Briefing

Is Mike Pence going to run for president?

He's already checked off the requisite political memoir…

Former Vice President Mike Pence's promotion of his new memoir So Help Me God has generated renewed speculation about his political future. Is Pence going to challenge his former running mate for the White House in 2024? Here's what you need to know:

Is Pence planning to run for president in 2024?

Pence's recent press tour for his book coincided with Trump's official declaration of his intent to run for president again in 2024. Pence made headlines for breaking his silence on the Jan 6. insurrection, and for offering his take on Trump's role in inciting the mob. While the former VP hasn't formally announced plans to run in 2024, some of his answers to the press hint that he's at least considering the possibility. 

In a Nov. 14 interview for ABC's' World News Tonight, for example, David Muir asked Pence if he believed he could defeat Trump if they faced off in the primaries. Pence replied: "Well, that would be for others to say, and it'd be for us to decide whether or not we'd want to test that." When asked if he would run for president in 2024, Pence said his family was giving the question "prayerful consideration."

Pence doubled down on this answer during a CNN town hall event hosted by Jake Tapper. When asked about Trump's announcement, Pence said he believed there would be "better choices." When Tapper questioned whether he considered himself one of those better options, Pence told him, "I'll keep you posted," reiterating that his family will have "prayerful consideration to what role we might have." 

Pence further stirred rumors that he is eyeing a 2024 bid while touring the country on behalf of Republican candidates during the midterm elections. He made multiple appearances in Iowa, New Hampshire, South Carolina, and Nevada — the first states to vote for the GOP presidential nomination, per Fox News. Pence's attempts to forge political relationships in the early-voting primary states represent an action that Fox says "often precedes the launch of an actual White House campaign."

How does Pence rank among the potential GOP candidates?

With Trump officially in the running, many pundits are speculating about who could run against him in the GOP primary. Recent polls show Florida Gov. Ron DeSantis has emerged as one of the top contenders, but that hasn't eliminated Pence as an option. Pence remains high on The Washington Post's ranked list of the top 10 potential candidates for the GOP, holding onto a third-place spot behind DeSantis and Trump.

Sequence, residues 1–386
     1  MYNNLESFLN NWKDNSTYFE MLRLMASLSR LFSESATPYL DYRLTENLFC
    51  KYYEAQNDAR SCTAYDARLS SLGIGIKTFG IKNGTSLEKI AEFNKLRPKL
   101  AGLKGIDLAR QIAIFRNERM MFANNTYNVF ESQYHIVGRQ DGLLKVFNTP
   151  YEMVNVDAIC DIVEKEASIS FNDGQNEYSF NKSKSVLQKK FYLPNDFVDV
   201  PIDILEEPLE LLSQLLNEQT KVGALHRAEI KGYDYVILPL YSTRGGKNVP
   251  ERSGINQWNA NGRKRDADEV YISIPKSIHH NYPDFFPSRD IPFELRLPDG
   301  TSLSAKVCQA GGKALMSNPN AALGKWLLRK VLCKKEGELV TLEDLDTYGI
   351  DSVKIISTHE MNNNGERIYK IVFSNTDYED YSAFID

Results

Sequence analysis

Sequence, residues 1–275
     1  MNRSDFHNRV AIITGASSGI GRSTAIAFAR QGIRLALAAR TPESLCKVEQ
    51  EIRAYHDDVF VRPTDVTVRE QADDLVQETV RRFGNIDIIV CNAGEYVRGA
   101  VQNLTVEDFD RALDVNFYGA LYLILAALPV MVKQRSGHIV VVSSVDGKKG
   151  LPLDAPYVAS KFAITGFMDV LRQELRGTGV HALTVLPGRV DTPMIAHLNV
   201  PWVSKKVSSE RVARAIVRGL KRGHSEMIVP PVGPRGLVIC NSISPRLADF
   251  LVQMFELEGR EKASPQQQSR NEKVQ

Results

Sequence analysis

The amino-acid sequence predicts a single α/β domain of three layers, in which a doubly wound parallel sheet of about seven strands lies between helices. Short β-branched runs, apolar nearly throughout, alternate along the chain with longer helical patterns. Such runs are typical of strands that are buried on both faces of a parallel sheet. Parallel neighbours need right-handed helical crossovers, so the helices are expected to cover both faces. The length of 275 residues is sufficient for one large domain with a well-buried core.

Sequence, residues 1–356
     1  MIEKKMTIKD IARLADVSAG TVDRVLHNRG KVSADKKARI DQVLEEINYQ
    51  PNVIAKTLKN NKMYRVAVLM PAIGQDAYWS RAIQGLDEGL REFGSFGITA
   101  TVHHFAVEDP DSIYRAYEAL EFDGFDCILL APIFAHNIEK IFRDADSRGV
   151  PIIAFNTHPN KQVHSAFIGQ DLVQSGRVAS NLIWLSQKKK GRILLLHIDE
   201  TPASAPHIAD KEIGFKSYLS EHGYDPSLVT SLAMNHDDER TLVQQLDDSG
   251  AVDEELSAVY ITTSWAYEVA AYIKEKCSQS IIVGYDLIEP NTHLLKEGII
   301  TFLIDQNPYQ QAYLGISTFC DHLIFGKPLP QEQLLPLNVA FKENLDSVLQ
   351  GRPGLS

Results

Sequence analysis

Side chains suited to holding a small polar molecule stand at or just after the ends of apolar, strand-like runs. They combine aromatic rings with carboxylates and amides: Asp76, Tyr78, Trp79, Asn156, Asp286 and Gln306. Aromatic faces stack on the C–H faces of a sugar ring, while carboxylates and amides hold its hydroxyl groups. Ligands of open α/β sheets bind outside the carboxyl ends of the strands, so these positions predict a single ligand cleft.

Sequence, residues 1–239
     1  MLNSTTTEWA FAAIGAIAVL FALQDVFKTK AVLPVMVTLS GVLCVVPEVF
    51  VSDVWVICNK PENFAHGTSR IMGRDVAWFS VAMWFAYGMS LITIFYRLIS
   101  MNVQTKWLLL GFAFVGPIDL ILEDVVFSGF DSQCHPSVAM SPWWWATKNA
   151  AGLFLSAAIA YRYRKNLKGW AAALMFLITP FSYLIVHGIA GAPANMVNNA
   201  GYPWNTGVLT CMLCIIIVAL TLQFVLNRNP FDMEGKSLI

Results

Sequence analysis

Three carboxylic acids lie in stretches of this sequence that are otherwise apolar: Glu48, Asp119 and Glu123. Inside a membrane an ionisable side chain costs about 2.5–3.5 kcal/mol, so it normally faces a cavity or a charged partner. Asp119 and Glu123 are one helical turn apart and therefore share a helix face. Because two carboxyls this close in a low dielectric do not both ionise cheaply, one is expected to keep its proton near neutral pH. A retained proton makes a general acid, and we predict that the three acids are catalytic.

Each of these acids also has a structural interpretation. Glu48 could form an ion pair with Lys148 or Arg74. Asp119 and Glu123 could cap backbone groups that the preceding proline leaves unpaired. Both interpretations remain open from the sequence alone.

While Pence has openly criticized Trump's actions on Jan. 6, both in his memoir and during his press tour, many of his statements are also peppered with praise for his time in the Trump-Pence administration. He went as far as to call Trump's choice of words on Jan. 6 "reckless," but overall appeared hesitant to separate himself entirely from the Trump-Pence administration's legacy. While he admitted Trump "endangered me and my family and everyone at the Capitol building," he also has plenty of positive takeaways from their time together. 

Pence's careful attempts to toe the line between bashing Trump and reminiscing about the good times indicates the core problem he could face if he decides to run, the Post says. To be successful, Pence will "need lots of Trump backers to forgive him for the sin of not overturning American democracy." While many conservatives have begun to separate themselves from Trump, Pence "probably needs the party to break with Trump much more completely to have a shot," per the Post.

In a recent Politico/Morning Consult poll, Pence was the only potential GOP candidate besides the two top runners, Trump and DeSantis, to get at least 5 percent of the vote. Among the likely Republican primary voters surveyed, 7 percent said they would support Pence in the primaries. However, he came in a distant third to Trump's 45 percent and DeSantis' 30 percent. "It's not a matter of when Republicans are ready to turn on Trump," one aide told The Atlantic in 2018. "It's about when they decide they're ready for President Pence."

What does Pence think of Trump running for re-election in 2024?

With the release of his memoir coinciding with Trump's "special announcement" about 2024, Pence was questioned several times about his thoughts on his former running mate's campaign. Without directly speaking against Trump's bid, Pence has alluded to there being "better choices" for a candidate in a number of interviews. 

When asked during his interview with ABC if his former boss should ever serve as president again, Pence replied, "I think that's up to the American people. But I think we'll have better choices in the future. People in this country actually get along pretty well once you get out of politics. And I think they want to see their national leaders start to reflect that same, that same compassion and generosity of spirit. And I think, so in the days ahead, I think there will be better choices."

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